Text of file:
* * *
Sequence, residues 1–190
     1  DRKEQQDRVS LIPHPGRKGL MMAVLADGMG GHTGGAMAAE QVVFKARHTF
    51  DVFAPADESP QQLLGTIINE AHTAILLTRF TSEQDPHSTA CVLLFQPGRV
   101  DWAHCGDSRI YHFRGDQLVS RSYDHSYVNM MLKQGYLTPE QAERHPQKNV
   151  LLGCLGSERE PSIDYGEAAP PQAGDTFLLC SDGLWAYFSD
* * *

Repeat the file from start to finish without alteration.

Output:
Sequence, residues 1–190
     1  DRKEQQDRVS LIPHPGRKGL MMAVLADGMG GHTGGAMAAE QVVFKARHTF
    51  DVFAPADESP QQLLGTIINE AHTAILLTRF TSEQDPHSTA CVLLFQPGRV
   101  DWAHCGDSRI YHFRGDQLVS RSYDHSYVNM MLKQGYLTPE QAERHPQKNV
   151  LLGCLGSERE PSIDYGEAAP PQAGDTFLLC SDGLWAYFSD